Thomas Harrison, aged 47 years and described as a barber, appeared in court and pleaded guilty to an indictment for assaulting Alice Harwood on 2nd December, 1909.
Mr Eustace Fulton, for the prosecution, stated that the prisoner entered the Queen’s Head public house at Welwyn and violently and indecently assaulted Mrs Harwood, the Landlady of the premises. Mr Fulton understood that the prisoner was hardly responsible for his actions. There were two previous convictions for larceny against him and fourteen convictions for vagrancy.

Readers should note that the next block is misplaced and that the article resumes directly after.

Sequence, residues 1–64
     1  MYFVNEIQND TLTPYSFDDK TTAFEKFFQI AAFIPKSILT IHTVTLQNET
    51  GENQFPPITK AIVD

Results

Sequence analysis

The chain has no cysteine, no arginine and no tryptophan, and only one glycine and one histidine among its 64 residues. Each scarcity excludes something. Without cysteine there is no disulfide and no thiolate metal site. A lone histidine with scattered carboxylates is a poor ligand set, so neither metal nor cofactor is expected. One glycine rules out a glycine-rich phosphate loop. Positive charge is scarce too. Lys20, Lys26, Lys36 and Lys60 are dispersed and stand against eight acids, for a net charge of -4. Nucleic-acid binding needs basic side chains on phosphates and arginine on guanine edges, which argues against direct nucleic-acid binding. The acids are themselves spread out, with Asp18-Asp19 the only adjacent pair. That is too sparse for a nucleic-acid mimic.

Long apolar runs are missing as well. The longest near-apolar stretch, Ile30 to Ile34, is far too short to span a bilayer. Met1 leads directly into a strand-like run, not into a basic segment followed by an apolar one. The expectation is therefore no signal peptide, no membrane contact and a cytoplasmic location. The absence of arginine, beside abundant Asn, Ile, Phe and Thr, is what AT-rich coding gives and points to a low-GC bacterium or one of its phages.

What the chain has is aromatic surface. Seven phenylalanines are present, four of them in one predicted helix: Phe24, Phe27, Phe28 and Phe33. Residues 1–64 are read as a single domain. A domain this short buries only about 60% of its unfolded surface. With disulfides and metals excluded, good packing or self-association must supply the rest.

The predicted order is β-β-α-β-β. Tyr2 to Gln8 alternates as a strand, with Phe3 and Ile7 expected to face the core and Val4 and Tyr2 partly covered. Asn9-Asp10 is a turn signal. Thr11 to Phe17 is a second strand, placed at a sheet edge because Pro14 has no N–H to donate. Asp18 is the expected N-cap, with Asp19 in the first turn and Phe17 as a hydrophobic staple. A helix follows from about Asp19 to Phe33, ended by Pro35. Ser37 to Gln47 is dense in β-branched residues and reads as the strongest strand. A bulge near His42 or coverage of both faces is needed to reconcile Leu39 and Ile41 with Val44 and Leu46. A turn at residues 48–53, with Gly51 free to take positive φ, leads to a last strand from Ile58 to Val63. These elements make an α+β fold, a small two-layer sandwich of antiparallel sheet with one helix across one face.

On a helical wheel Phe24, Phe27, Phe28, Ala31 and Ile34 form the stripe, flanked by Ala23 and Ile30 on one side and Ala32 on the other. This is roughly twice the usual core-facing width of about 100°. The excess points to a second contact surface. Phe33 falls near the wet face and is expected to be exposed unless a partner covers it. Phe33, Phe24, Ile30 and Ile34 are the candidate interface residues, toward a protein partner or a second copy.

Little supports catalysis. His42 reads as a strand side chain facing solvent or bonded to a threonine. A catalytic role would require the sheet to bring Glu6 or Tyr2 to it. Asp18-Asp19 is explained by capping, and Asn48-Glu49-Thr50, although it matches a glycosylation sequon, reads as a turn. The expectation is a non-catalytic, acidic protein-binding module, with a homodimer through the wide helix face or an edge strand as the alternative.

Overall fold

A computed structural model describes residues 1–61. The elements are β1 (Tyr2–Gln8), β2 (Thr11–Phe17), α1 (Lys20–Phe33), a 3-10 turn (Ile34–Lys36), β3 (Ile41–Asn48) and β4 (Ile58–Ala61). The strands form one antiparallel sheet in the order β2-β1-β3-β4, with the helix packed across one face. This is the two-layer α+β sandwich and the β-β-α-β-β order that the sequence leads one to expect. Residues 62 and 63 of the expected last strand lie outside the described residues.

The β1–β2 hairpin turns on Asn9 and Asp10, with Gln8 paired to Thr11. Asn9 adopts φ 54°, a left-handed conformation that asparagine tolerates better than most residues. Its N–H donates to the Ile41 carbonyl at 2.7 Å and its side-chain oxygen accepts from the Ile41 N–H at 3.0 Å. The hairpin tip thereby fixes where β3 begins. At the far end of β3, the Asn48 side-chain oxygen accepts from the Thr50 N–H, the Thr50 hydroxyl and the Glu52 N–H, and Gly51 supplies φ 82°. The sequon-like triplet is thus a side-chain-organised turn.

Giving evidence, P.S. Wood described the prisoner as a ‘tramping man and weak-minded’. The prisoner had just come out of Pentonville Prison where he had been officially certified as weak-minded. P.S. Wood stated that Harrison had been addicted to drink for several years.
The Chairman of the Bench said it was necessary to protect women from such assaults but as the prisoner was in a weak state of mind he would be sentenced to six months’ imprisonment without hard labour. Thomas Harrison would receive proper medical treatment whilst he was in prison.